Logan Seddon, radiation therapist, has no trouble listing the advantages of his career.
“It's satisfying work,” he says. “I can branch out and up. I have job security, but I can travel, too.”
In fact, he's doing the work he's wanted to do ever since he visited radiation clinics with relatives needing treatment. Inspired to pursue a career as a health professional, he started study as a radiation therapist in 2003, qualified in 2005, and went straight into full-time work at the Dunedin Radiation Oncology unit.
One of the best features of the three-year radiation therapy course, says Logan, is the “great mix of theory and practice”.
“Half the time is spent in class, the other half in the clinical environment,” he explains. This meant the skills he learned in study transferred straight into his work. Logan adds that during this time, he really appreciated “the great support in the hospital and from the academic staff at the Wellington campus”.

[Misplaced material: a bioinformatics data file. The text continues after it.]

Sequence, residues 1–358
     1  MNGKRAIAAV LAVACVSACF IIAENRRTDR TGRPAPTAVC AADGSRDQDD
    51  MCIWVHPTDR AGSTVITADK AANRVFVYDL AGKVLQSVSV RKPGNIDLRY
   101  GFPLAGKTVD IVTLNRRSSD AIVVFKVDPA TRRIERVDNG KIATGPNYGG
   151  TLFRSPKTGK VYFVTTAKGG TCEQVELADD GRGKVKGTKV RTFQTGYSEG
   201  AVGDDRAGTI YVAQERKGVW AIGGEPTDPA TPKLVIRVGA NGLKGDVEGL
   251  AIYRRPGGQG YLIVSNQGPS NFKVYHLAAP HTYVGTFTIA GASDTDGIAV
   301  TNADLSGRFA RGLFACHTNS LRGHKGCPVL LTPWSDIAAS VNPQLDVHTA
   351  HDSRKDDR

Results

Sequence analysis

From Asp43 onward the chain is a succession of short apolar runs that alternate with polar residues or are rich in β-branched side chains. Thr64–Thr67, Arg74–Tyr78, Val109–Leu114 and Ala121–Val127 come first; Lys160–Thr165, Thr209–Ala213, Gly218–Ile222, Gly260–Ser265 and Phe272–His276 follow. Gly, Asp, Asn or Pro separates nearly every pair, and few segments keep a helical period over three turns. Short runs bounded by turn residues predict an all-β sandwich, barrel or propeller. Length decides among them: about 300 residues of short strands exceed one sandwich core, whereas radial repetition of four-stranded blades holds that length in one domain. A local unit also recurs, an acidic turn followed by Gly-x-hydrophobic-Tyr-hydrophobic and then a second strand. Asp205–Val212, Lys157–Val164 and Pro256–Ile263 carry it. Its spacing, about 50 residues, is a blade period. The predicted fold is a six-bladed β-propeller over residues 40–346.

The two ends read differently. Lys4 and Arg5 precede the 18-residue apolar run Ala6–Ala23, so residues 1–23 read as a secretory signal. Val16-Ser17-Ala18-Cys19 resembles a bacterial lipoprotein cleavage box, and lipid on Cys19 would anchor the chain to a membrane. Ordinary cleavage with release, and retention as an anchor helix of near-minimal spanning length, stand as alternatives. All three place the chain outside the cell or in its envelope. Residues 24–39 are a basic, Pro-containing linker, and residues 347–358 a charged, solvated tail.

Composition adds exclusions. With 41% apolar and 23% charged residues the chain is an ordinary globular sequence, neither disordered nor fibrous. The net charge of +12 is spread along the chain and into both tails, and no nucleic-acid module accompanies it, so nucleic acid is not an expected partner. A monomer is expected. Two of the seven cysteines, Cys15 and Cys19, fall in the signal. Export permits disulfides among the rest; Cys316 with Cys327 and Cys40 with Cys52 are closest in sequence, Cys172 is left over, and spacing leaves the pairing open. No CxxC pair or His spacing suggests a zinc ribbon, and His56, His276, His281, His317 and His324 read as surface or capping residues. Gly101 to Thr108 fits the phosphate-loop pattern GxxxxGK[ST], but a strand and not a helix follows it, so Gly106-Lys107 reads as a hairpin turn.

Now, says Logan, “I can work pretty much anywhere in the world – the qualification is very highly regarded.”
But although he can travel wherever he wants, after three years at Dunedin, Logan says he still “likes the mix of people and technology, and the fact there's always something different to do”. This includes working closely with the radiation oncologist (the specialist doctor) to mark up, plan and deliver appropriate treatment.
“It can be challenging, dealing with families, and their emotions,” he acknowledges. “But it comes with the great satisfaction of knowing I am helping my patients in some way.”